News Date: 06/22/2010
A joint study between Stanford University and the Carnegie Institution of Washington, accepted May 4 by the Proceedings of the National Academy of Science, concludes that despite higher emissions due to sources such as increased fertilizer and pesticide use, higher-yield crops have resulted in a net decrease in greenhouse gases (GHG’s) released into the atmosphere.
Between 1961 and 2005, the world’s population more than doubled, from slightly over 3 billion people to about 6.5 billion. At the same time, agricultural production increased by 162%. The dilemma presented is that with constant yield, as agricultural production increases, more land must be devoted to agriculture. However, during that same period, global cropland only grew by 27% while crop yields increased by 135%. This yield increase avoided the need for large deforestation, often a source of considerable emissions itself due to machinery and/or burning forest areas.
To evaluate the effects of the increase in yield with respect to the effects of a simple increase in agriculturally-devoted land, the researchers created hypothetical “alternative world” scenarios to which they compare the real world calculated GHG emissions from 1961-2005.
Alternative World 1 (AW1) assumes that the world evolved in every aspect exactly the same as the real world, except that agriculture technology remained as it was in 1961. The primary issue with AW1 is how to replicate the 2005 standard of living with 1961 agriculture, and the corresponding cost in terms of GHG emission. AW1 is thus the upper estimate of GHG emissions.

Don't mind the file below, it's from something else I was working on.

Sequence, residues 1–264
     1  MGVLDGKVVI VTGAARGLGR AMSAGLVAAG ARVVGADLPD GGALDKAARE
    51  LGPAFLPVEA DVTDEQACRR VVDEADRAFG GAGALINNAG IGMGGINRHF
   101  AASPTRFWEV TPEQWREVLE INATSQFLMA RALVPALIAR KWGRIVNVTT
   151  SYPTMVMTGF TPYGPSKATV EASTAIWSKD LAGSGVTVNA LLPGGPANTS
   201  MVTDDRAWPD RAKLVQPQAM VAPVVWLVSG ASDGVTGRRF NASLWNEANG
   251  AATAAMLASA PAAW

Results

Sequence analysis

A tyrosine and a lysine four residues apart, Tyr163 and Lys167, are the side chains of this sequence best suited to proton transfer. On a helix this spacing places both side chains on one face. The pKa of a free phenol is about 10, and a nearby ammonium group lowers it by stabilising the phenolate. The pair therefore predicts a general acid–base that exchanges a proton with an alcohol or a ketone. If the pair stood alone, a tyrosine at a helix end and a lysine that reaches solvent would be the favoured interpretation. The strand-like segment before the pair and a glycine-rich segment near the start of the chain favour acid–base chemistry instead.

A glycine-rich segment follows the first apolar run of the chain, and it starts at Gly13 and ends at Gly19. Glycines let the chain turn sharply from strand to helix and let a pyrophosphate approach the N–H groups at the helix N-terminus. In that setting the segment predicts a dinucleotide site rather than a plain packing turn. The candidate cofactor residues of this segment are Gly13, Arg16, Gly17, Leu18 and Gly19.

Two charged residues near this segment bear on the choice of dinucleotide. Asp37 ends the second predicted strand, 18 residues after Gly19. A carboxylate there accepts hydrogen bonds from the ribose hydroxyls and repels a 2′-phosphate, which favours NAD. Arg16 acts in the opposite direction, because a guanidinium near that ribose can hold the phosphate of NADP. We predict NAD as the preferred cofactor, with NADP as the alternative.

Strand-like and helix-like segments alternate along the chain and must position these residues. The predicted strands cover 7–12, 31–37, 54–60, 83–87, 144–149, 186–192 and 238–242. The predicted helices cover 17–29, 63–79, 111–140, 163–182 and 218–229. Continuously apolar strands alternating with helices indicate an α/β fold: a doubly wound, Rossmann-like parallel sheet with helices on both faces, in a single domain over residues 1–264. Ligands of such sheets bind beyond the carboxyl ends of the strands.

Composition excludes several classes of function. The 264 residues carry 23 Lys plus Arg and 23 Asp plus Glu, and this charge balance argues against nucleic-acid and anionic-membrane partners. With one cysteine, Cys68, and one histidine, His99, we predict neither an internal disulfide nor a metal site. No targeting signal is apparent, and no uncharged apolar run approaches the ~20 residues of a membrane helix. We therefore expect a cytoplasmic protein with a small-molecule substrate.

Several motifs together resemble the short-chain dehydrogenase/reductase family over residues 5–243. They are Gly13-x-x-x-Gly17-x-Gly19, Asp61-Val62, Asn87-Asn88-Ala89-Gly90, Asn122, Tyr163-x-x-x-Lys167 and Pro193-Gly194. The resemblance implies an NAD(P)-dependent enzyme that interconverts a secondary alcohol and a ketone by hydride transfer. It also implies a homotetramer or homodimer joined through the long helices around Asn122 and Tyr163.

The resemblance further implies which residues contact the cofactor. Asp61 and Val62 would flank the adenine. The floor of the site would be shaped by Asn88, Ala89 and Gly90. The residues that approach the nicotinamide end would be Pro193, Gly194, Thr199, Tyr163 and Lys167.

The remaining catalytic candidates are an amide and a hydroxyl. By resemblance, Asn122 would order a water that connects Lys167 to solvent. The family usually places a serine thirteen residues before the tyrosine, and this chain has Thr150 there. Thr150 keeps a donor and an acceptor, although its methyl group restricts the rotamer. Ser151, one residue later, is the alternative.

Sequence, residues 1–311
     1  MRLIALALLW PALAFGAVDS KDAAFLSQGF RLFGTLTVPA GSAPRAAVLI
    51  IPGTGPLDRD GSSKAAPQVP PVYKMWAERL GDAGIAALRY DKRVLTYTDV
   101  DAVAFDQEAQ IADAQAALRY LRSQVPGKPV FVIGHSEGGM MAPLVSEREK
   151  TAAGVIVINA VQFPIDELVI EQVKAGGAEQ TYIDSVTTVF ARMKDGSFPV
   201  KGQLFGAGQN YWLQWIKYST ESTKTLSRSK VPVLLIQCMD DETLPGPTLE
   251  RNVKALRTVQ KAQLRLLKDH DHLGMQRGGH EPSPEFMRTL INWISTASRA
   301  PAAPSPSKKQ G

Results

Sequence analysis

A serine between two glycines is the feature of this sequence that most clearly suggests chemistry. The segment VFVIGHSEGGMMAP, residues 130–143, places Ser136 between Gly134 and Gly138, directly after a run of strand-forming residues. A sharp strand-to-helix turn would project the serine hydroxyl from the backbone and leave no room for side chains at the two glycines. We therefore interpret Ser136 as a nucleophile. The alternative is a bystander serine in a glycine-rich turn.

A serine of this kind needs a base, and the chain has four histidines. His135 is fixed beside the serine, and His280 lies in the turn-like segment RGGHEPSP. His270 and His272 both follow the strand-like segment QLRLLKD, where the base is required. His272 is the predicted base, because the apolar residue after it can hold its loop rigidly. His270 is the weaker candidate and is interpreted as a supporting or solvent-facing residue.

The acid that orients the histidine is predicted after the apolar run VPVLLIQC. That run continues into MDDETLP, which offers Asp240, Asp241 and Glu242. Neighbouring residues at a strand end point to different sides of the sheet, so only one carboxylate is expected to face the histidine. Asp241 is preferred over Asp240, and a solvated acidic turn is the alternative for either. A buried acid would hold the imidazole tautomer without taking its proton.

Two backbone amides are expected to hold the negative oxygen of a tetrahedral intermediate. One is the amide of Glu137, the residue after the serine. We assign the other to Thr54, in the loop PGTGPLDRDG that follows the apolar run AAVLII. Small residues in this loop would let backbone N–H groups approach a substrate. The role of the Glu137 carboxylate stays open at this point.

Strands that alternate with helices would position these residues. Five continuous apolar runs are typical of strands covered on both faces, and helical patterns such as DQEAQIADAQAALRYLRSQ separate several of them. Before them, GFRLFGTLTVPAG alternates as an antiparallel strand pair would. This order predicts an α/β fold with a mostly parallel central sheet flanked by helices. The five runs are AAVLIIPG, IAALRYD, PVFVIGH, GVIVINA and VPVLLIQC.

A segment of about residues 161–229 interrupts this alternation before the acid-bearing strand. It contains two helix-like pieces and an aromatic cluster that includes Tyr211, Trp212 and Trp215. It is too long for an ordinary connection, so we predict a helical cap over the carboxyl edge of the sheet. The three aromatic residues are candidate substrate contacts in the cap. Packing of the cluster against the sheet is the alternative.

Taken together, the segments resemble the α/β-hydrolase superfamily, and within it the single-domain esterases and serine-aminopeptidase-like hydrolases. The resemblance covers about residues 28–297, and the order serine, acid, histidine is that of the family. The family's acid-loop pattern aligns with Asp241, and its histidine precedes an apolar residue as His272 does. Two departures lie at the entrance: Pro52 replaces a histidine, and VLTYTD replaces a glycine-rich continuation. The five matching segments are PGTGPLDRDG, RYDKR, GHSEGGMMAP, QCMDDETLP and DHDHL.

Alternative World 2 (AW2) maintains the standard of living from 1961 with pre-1961 fertility and mortality rates, and is thus a lower estimate of the GHG emissions without the advances made in agricultural yield. Interesting to note is that AW2 “coincidentally result(s) in very similar year 2000 populations albeit with different age structures.”
Scenario 1 results in the world’s dedicated cropland nearly tripling since 1961, adding approximately 7 million square miles to the existing 3.7 million square miles. This totals 5.8 million square miles more than the total farmland in 2005, and accounts for approximately 92% of the world’s arable land. The result is that the real world yield gains avoided approximately 34% of the emissions between the Industrial Revolution (1850) and 2005.
In scenario 2, there is less of an increase in cropland, but agriculture accounts for a 4.3 million square miles increase, compared to the real world 1 million square miles increase. The overall emission avoidance is approximately 18% of emissions between 1850 and 2005, or roughly half of the impact of AW1.
Overall, the crop yield improvements from 1961-2005 have prevented between 317 and 590 billion tons of GHG’s from being emitted into the atmosphere. By 2050, the world’s population is expected to reach 8.9 billion accompanied by a 70% rise in food demands. Even with smaller crop yield gains than the 1990’s, there is still potential to avert significant GHG emissions. (By: Jason Markovich, Contact: Nathan Bowen)
Sign up here to receive NASDA News.